Posts Tagged: California Agriculture Day
In actuality, those fragile white petals fluttering to the ground in the Central Valley are a different kind of snow, but the kind that doesn't make you shiver or shovel.
The University of California, Davis, campus is now seeing the last of its dwindling almond blooms. Over on Bee Biology Road, west of the central campus, steady rains are driving the bees 'n blooms away.
So we took one last look for the buds that first began unfolding in mid-February. The almond trees are leafing out as if to welcome spring. In a couple more weeks, spring officially arrives (March 20).
Meanwhile, the California State Beekeepers' Association is busy planning its display at the California Agriculture Day, a farm-to-fork celebration always held near the beginning of spring on the State Capitol grounds. This year it's March 19. It's when the rural folk meet the city folk. Youths learn that chocolate milk doesn't come from chocolate cows, honey doesn't come from sticks, and beef doesn't originate on a bun at a fast food restaurant.
It's good to see the governor and the state legislators mingle with the farmers, the ranchers, the growers, the 4-H'ers and the FFA'ers.
For one day, the State Capitol lawn virtually turns into the land of milk and honey: the dairy industry hands out cartons of milk and the state beekeepers, sticks of honey.
Best of all, it's good to see a tractor on the steps of the capitol building. That's exactly where it belongs.
Honey bee foraging on an almond blossom. (Photo by Kathy Keatley Garvey)
Pollen-packing honey bee dives in head first. (Photo by Kathy Keatley Garvey)
Land around an almond tree on Bee Biology Road is being prepared for UC Davis pollination ecology plots. (Photo by Kathy Keatley Garvey)
"I'm a ladybug. Please, take me home. I want to live in your garden.
I like to eat aphids. Aphids are tiny green insects that are harmful to plants."
"Just like the Grange, I'm a friend to the farmer and you."
Those visiting the California State Grange booth at the California Agriculture Day on Tuesday, March 23 on the state capitol grounds received that welcoming note, two ladybugs, and information about them.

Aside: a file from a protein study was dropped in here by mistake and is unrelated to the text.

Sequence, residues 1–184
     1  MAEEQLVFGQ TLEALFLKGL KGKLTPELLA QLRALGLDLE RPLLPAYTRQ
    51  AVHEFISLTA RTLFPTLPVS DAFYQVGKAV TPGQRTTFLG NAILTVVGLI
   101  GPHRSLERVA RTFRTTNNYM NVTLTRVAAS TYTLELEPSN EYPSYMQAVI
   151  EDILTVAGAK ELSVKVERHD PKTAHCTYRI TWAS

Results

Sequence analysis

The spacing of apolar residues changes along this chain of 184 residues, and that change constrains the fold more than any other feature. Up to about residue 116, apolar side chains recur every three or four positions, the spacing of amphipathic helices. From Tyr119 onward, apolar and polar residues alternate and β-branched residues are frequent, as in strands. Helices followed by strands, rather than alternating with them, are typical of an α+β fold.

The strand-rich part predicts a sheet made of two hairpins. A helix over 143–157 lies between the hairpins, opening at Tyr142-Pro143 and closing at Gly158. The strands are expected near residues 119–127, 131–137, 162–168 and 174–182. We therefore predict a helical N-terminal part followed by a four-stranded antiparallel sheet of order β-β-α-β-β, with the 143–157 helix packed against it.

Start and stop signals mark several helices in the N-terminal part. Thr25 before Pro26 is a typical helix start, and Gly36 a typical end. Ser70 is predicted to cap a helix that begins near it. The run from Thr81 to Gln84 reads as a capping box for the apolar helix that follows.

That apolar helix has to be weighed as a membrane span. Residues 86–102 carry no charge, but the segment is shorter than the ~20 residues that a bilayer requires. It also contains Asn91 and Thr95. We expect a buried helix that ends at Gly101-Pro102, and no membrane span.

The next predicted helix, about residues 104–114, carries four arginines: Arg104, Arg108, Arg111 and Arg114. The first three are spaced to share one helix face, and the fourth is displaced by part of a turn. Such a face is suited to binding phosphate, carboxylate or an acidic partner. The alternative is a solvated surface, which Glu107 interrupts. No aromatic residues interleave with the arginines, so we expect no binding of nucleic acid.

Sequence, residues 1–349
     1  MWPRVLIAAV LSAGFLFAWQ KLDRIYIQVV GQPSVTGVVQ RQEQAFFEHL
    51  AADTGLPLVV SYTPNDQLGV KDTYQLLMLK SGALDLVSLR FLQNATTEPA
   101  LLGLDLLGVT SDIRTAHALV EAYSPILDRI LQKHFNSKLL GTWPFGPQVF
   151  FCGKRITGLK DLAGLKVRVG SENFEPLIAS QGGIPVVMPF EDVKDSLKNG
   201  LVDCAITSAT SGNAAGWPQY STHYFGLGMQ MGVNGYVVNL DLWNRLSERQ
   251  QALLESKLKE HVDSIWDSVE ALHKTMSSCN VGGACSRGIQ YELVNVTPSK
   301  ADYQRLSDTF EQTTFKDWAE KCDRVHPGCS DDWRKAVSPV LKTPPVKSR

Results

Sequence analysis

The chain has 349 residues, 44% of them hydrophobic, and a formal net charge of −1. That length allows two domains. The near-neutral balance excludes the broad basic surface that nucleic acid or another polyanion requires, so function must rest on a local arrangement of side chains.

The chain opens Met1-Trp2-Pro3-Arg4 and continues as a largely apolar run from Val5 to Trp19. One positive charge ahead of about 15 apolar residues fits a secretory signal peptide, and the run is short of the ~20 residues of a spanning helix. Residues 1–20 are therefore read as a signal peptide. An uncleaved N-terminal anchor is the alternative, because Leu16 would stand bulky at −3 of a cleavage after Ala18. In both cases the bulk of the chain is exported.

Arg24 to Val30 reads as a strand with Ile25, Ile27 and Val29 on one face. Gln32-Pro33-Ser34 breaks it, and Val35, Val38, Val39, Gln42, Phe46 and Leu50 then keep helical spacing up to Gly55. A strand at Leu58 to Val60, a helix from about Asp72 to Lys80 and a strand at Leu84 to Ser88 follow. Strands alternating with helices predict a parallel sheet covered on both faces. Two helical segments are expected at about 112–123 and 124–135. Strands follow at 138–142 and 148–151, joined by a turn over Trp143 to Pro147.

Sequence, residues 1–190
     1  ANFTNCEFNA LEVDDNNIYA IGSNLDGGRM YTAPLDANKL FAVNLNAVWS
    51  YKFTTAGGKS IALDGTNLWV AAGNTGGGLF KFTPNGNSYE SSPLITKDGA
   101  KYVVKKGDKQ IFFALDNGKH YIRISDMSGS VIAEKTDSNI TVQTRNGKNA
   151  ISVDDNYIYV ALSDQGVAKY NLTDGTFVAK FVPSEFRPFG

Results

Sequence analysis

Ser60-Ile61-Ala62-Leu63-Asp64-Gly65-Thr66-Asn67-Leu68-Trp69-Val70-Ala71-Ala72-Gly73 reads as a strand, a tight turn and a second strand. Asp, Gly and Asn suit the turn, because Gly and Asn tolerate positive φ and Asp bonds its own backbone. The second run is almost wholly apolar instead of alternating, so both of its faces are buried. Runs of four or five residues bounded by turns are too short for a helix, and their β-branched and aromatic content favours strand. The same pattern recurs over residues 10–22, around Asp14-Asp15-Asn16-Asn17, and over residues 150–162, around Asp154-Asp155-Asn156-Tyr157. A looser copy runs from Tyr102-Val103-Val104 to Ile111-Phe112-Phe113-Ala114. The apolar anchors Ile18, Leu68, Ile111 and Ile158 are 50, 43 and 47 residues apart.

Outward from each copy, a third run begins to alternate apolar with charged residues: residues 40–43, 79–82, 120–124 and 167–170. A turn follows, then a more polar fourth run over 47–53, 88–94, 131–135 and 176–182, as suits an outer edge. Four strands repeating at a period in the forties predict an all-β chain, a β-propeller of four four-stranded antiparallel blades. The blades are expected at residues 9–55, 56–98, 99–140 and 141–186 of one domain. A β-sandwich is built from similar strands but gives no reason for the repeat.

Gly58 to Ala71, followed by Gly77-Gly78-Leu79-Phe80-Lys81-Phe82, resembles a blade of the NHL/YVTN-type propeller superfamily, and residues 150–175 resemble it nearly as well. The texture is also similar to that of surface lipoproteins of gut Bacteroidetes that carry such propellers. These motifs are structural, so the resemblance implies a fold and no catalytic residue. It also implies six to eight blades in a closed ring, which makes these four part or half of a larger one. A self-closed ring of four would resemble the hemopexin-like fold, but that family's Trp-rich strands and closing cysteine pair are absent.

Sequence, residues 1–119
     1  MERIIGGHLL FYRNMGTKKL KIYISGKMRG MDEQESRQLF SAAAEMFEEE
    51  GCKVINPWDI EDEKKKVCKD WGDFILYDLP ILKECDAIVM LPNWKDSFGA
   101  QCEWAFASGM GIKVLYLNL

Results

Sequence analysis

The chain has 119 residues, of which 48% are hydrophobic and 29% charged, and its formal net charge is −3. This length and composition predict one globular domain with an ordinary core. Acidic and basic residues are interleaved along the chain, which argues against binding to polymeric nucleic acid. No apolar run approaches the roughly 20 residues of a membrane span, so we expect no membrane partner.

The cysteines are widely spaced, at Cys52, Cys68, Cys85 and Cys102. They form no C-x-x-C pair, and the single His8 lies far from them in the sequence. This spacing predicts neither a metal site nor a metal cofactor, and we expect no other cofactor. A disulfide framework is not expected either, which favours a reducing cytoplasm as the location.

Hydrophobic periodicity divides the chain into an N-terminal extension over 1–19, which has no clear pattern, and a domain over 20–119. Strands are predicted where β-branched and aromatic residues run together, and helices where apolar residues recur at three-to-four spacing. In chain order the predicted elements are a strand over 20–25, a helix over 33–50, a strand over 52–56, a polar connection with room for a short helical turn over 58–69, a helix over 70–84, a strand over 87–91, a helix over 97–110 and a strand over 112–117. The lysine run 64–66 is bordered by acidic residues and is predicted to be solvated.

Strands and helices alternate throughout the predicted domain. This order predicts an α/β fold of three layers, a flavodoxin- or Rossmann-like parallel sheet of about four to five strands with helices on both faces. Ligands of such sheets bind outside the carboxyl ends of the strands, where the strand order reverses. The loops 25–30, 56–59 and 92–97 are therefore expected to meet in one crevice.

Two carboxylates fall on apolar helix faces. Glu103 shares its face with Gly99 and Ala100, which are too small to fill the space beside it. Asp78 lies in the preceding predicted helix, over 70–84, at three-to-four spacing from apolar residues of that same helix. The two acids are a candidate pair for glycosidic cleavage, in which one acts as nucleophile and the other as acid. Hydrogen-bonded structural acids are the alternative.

It was an excellent idea--giving away ladybugs, aka ladybird beetles (Hippodamia convergens). These brightly colored beetles with the familiar black spots eat aphids, moth eggs, mites, scales thrips, leafhoppers, mealybugs and other small insects.
We took home two ladybugs and released them on a rose bush in our patio.
They went right to work.
It reminded us of the two ladybugs we received last year from the UC Davis Department of Entomology at the annual UC Davis Picnic Day. They also found a home in our garden.
This year's Picnic Day, the 96th annual, is set April 17. Look for entomological events at Briggs Hall on Kleiber Drive, and at the Bohart Museum of Entomology at 1124 Academic Surge, California Drive.
The Picnic Day theme? "Carpe Davis: Seizing opportunities."
Including the opportunity to take home a couple of ladybugs.
Bugs and kisses.
When the annual California Agriculture Day took place yesterday on the state capitol grounds, thousands of visitors buzzed the booths learning more about the food they eat and the agriculturists that provide it.
But that wasn't the only buzz.
The California State Beekeepers' Association (CSBA) booth included a bee observation hive, a glassed-in hive where visitors could watch colony activity.
Brian Fishback of Wilton, president of the Sacramento Area Beekeepers’ Association, pointed out the queen, worker bees (sterile females) and the drones (males) to the visitors, including Gov. Arnold Schwarzenegger and California Secretary of Agriculture A. G. Kawamura.
"Look," Fishback told a group of young children. "There's a boy bee. See him? And look, there's a bee ready to enter the world."
"One-third of the food you eat is pollinated by bees," he said.
The beekeepers' booth was staffed with bee experts, including UC Davis Department of Entomology faculty members Lynn Kimsey and Eric Mussen. Kimsey, a former beekeeper, directs the Bohart Museum of Entomology and is a professor and vice chair of the Department of Entomology. Mussen, an Extension apiculturist or bee specialist, is active in national and state honey bee organizations. He currently serves as the CSBA parliamentarian.
Roger Everett of Porterville, president of CSBA, was there, along with CSBA secretary-treasurer Carlen Jupe. So was Jackie Park-Burris of Palo Cedro, chair of the California State Apiary Board and past president of the California State Beekeepers’ Association. Mike and Donna Tolmachoff of Madera represented the Central Valley Beekeepers’ Association; in fact, Mike serves as the president this year.
They handed out free honey bee sticks, "I Love Honey" stickers, recipe booklets, and bee fact sheets, and answered questions about bees. Crystal Hubbard of Häagen-Dazs distributed free ice cream. Some 40 percent of the ice cream brand’s flavors depend on honey bee pollination. Häagen-Dazs strongly supports honey bees. Their financial support includes bee research at the Harry H. Laidlaw Jr. Honey Bee Research Facility at UC Davis.
So, how busy was the beekeepers' booth? They handed out 2600 honey bee sticks and 1500 individual servings of Häagen-Dazs.
Meanwhile, the bees in the observation hive just kept working, too.
California Agriculture Day
Bee Observation Hive